36.     The Government consulted on proposals to introduce new powers of suspension for chairs and other non-executives of PCTs and NHS trusts between January and March 2008 11. The Government stated during the consultation that the Government’s intention was to introduce the same powers for chairs and non-executives of Strategic Health Authorities and national bodies established by the Department of Health in a second phase of legislation to follow later in 2008/09. The proposals for local trusts and PCTs received full support from the NHS and, following amendments to regulations, 12 the Appointments Commission was provided with the new powers on 16 June 2008.

    6   Department of Health (2008). Removing or suspending chairs & non-executives from PCTs and NHS Trusts: Consultation on introducing powers of suspension. Department of Health, London.

    7   The Primary Care Trusts and National Health Service Trusts (Membership and Procedure) Amendment Regulations 2008 (SI 2008/1269)

37.     A Government consultation document, 13 published in July 2008, considered proposals to introduce powers of suspension and a single approach to the removal of chairs and non-executives of this second group of bodies - Strategic Health Authorities, national health sector bodies and arms length bodies. The consultation concluded on 9 October and, as with the previous local consultation, it was supportive of introducing the new suspension proposals.

38.     Chapter 2 of Part 2 of the Bill introduces a Schedule providing for new powers of suspension of chairs and other members of NHS and other health bodies. The provisions in the Schedule amend the relevant legislation dealing with appointments to Strategic Health Authorities, Special Health Authorities, Monitor, standing advisory committees (which advise the Secretary of State pursuant to section 250 of the NHS Act such as the Joint Committee on Vaccination and Immunisation), community health councils in Wales, the Human Tissue Authority, the Health Protection Agency, the Human Fertilisation and Embryology Authority, bodies established under the Medicines Act 1968, the Alcohol Education and Research Council and the Appointments Commission itself. The provisions will also ensure that appropriate procedures are or could be put in place for notification of suspension, review on request after a given period of time and provision for temporary replacement of a suspended chair.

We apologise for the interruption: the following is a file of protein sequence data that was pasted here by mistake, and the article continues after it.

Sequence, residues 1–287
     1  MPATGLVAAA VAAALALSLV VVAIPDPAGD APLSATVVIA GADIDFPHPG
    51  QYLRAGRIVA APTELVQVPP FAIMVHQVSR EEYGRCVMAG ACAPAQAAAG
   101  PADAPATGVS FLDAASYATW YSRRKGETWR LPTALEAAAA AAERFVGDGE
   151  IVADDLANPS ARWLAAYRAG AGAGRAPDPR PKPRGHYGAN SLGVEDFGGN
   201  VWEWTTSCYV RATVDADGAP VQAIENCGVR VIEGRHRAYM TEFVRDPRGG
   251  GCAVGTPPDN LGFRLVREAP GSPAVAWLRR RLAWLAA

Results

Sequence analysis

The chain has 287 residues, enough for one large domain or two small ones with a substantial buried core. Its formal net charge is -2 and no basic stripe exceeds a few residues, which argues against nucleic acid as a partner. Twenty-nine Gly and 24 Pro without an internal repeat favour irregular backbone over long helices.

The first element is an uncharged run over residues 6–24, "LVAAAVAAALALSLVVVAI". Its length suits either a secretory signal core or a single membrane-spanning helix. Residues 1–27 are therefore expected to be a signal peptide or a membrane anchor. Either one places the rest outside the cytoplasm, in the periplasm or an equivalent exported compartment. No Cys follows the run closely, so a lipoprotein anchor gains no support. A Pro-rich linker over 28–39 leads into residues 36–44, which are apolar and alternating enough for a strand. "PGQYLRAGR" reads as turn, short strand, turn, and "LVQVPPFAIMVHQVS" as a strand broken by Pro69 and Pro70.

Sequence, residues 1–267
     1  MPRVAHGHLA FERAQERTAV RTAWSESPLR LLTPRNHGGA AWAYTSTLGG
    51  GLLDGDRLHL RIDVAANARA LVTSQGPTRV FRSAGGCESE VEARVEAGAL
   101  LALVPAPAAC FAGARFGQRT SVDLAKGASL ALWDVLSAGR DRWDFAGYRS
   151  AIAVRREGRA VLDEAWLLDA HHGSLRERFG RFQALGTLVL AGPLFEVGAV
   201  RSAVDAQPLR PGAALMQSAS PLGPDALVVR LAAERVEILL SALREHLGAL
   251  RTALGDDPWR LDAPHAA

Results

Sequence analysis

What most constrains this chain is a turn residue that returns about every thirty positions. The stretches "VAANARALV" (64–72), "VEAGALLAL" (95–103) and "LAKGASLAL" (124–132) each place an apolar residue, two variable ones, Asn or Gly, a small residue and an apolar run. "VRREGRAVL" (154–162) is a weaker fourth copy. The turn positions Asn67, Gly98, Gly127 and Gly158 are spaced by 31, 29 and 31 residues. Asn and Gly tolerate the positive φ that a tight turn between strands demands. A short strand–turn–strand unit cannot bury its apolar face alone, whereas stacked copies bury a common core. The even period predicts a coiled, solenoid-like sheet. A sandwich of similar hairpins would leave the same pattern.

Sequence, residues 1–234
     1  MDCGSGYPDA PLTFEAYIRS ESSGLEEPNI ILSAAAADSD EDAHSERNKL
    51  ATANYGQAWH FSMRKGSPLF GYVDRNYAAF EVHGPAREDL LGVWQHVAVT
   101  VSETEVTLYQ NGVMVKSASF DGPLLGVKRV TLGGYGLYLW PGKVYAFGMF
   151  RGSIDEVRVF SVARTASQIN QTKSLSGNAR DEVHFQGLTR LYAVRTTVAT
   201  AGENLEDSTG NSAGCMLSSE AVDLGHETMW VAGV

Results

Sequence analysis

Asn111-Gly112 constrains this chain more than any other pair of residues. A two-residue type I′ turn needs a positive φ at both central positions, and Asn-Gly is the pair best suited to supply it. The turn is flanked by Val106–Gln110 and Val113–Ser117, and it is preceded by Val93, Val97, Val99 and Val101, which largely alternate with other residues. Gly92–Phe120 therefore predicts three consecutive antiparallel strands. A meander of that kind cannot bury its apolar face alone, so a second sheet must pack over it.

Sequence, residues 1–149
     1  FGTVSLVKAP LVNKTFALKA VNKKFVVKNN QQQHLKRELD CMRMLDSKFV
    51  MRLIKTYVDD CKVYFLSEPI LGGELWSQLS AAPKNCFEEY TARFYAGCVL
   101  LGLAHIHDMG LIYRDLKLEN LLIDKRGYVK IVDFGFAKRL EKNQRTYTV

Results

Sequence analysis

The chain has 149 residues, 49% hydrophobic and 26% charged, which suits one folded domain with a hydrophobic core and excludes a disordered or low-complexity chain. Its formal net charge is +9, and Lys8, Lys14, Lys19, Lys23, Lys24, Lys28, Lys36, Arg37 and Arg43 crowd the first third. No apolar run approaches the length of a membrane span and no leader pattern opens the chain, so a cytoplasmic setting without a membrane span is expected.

Part 3



39.     The Department of Health’s Consultation on the Future of Tobacco Control, 14 published on 31 May 2008, sought views from stakeholders and the public on further action to combat smoking and the negative effects it has on public health. The consultation was expressed as the first step in developing a new national tobacco control strategy and focused on four main areas: reducing smoking rates and health inequalities caused by smoking; protecting children and young people from smoking; supporting smokers to quit; and, helping those who cannot quit.

    8   Department of Health (2008). Consultation on the Future of Tobacco Control. Department of Health, London.

40.     The consultation ran for three months and sought views on possible measures to reduce young people’s access to tobacco and on reducing exposure to tobacco promotion. The consultation received over 96,000 responses, details of which can be found in the consultation report published on 8 December 2008 15.

41.     The Bill includes a series of amendments to the Tobacco Advertising and Promotion Act 2002 (the 2002 Act), the Children and Young Persons (Protection from Tobacco) Act 1991 (the 1991 Act) and the Children and Young Persons (Protection from Tobacco) (Northern Ireland) Order 1991 (the 1991 (NI) Order) to adopt some of these measures for protecting public health. The amendments make further provision in relation to the display of tobacco products and the sale of such products from vending machines.